“Walt was in fine health. I don’t understand. What happened?”

“He’s dead is what happened. He had a big gash on the back of his head. Sheriff thinks he was murdered.”

“Murdered? Well, if that isn’t the most exciting thing that’s happened to this town in the last fifty years.”

“June, really. Sometimes I wonder if you have a heart.”

“Are you telling me you liked him? Nobody liked Walt. Does it mean I think he should’ve been killed? No, but I’m not going to lose any sleep over it, either.”

“You’re right about that. Walt wasn’t a nice guy. I heard even his wife didn’t like him. In fact, rumor has it she’s having an affair.”

“Honest, Hazel, don’t spread rumors about the dead.”

“I’m not. His wife is very much alive.” Hazel was very pleased with herself.

“Still, it’s unbecoming.”

“I suppose you’re right.” Contrite, Hazel concentrated on adding cream to her cup.

After their coffee, they moved from the kitchen to the front porch to prepare for their weekly dinner party. Every Thursday night of the summer, a different band performed in the gazebo for the pleasure of the community and to take their minds off the heat. Since June’s house was right on the town square, she had front row seats. Her large front porch could accommodate all of her friends and everyone brought a dish for the pot luck.

Jerry and Barbara arrived first. Barbara was all abuzz with the news of Walt’s death.

“I know no one liked him, but without his money most of the businesses on Main Street wouldn’t exist. Even Jerry’s accounting office is half owned by Walt.”

Jerry nodded his assent. “He was a necessary evil.”

Phil and Theresa, who were on their way up the steps, overheard them. Phil said, “I wonder how this will affect all these businesses.”

Theresa, who worked at VanPatten’s office, had the inside scoop. “I heard that in many cases he had partnership agreements with rights of survivorship. That could mean good things for the businesses on Main Street.”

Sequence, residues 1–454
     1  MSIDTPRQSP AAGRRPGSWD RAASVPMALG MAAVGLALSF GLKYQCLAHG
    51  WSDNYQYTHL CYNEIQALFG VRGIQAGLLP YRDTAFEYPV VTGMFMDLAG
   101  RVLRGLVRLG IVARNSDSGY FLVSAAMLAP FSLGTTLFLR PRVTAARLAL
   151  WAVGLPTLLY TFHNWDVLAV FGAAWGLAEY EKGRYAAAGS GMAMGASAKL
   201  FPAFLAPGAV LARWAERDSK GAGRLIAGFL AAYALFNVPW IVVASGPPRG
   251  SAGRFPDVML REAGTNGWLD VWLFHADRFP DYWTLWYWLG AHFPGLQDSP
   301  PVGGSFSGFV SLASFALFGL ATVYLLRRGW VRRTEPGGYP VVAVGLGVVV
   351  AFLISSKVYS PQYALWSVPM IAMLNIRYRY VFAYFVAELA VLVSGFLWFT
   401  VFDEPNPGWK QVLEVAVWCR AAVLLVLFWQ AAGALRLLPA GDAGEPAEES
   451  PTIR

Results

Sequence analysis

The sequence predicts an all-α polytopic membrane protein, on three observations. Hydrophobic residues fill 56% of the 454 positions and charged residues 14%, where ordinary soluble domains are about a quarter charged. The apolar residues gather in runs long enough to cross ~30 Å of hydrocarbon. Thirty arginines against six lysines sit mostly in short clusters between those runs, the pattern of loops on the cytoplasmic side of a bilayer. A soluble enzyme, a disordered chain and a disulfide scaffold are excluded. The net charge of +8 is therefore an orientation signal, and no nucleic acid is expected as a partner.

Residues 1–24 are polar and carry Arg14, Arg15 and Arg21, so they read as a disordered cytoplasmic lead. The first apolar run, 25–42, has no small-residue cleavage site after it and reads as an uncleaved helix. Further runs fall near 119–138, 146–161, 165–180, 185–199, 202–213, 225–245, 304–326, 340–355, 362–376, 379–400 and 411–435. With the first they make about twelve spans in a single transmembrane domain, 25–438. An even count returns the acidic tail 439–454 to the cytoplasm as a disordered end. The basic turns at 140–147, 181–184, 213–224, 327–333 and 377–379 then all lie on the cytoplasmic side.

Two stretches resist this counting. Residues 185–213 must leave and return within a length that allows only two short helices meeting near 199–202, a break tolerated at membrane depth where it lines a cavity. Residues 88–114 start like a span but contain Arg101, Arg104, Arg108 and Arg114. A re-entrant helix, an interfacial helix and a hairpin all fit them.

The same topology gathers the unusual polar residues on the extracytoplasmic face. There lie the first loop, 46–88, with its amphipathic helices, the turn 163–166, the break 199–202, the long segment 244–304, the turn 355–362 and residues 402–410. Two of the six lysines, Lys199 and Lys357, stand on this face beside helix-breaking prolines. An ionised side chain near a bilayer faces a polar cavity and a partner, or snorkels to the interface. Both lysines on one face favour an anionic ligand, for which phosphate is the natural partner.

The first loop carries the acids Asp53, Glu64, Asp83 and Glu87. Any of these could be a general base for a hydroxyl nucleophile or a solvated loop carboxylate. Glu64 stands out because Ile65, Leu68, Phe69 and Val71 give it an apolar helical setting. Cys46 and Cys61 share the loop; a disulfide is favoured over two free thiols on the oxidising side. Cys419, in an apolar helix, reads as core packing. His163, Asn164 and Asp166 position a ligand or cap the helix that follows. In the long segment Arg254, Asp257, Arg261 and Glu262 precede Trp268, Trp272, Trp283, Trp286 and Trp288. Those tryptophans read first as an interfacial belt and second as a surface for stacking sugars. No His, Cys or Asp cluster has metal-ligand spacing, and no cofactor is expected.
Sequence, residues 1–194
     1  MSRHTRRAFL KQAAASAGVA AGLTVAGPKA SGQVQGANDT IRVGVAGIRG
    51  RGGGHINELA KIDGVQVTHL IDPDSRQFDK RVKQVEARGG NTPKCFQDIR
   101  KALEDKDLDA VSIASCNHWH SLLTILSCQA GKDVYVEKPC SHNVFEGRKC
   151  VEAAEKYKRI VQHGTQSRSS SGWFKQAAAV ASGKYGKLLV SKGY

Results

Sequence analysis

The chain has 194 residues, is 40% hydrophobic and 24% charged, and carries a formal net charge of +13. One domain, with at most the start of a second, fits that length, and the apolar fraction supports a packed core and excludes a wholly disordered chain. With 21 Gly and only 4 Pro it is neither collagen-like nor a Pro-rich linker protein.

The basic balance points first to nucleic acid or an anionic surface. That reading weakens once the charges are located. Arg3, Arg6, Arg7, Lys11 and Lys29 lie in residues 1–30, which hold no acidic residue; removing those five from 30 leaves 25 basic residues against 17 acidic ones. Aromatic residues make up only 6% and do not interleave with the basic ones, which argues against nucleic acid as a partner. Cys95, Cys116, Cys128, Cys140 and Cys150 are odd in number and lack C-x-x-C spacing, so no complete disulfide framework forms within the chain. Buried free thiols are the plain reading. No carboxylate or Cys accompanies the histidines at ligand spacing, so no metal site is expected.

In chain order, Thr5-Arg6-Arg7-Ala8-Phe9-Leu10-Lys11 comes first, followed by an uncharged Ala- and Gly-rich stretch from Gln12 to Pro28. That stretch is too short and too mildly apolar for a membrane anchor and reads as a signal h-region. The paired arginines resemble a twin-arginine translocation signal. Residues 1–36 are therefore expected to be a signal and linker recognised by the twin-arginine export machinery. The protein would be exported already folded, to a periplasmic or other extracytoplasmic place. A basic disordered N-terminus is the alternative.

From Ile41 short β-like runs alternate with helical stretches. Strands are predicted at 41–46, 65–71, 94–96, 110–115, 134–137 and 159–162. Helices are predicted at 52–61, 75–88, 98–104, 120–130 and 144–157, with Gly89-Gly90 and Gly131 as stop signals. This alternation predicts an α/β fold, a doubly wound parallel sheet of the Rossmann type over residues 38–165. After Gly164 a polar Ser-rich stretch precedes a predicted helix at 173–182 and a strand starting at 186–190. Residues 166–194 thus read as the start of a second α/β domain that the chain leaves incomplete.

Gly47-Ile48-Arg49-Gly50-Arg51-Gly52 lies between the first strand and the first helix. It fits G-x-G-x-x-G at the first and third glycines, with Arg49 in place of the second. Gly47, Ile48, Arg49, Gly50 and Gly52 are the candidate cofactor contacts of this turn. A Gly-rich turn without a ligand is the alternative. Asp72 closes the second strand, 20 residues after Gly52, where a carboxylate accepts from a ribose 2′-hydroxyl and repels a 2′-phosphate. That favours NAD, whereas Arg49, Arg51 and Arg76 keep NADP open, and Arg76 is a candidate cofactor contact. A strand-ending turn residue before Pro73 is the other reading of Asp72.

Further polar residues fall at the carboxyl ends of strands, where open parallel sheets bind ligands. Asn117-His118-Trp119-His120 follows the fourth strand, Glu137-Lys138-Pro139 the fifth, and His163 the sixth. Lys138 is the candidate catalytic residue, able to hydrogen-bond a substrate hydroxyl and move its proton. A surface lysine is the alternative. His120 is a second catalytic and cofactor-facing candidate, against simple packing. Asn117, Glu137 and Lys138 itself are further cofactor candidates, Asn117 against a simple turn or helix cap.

Everyone sipped their lemonades and considered what Teresa had just said when Samson stuck his nose out the front door and ventured on to the porch to greet the guests. One by one he sniffed. Once he was satisfied, he moved on to the next guest.

“What a sweetheart Samson is.” Barbara bent down to pet the chunky tabby.

“I have to say I’m happy to see him so relaxed. He hasn’t been himself all day. He spent the night at the vet’s and came back a nervous wreck.” June bent down and gave him a scratch behind his ear. She was relieved to see that Samson’s wet paw prints were nowhere to be seen. She had her baby back.

Samson transitioned from sniffs to encircling each leg, finishing off each victim with a good leg rub before moving onto the next person.

“Samson, stop that. You’re leaving hair on Jerry’s pants.”

“Oh, that’s alright. I don’t mind.” Jerry said. He was a true animal lover and wouldn’t let a few cat hairs ruin his night or his clothes.

“That reminds me.” Barbara said. “I heard from Nancy, who heard from her sister who works at the sheriff’s office that when they found Walt’s body, the back of his suit jacket had a lot of animal hairs on it.”

“Well that’s easy to explain. There must be squirrels all over the gazebo.” Phil said.

Barbara kept going. “Not really. Sheriff says that they found no hairs in the gazebo. You know that Walt was one impeccable dresser. Not a thing out of place. Sheriff thinks he was killed somewhere else and then moved to the gazebo.”

“Wait a minute. Doesn’t Walt have a dog?” Theresa asked.

“No, his wife has a dog. He’s known to hate Vivian’s poodle and would have nothing to do with it.” Jerry said.

“Well, I wouldn’t be too happy with my wife or her dog if she were having an affair,” Phil said.

June made the rounds with the lemonade pitcher. “That’s just a rumor.”

“I don’t think so.” Hazel looked over her shoulder. “I heard that Kevin Roberts was seen leaving that new French restaurant up Route 26 with Vivian last weekend.”

“Kevin? As in Kevin Roberts? Our friend? My vet?” June was shocked.


Kevin Roberts made his way up the steps, waving to his friends as he reached for a glass of lemonade.

Out of the corner of her eye June saw a flash as Samson ran off the porch like a bat out of hell. All that remained were his wet paw prints on the porch floor.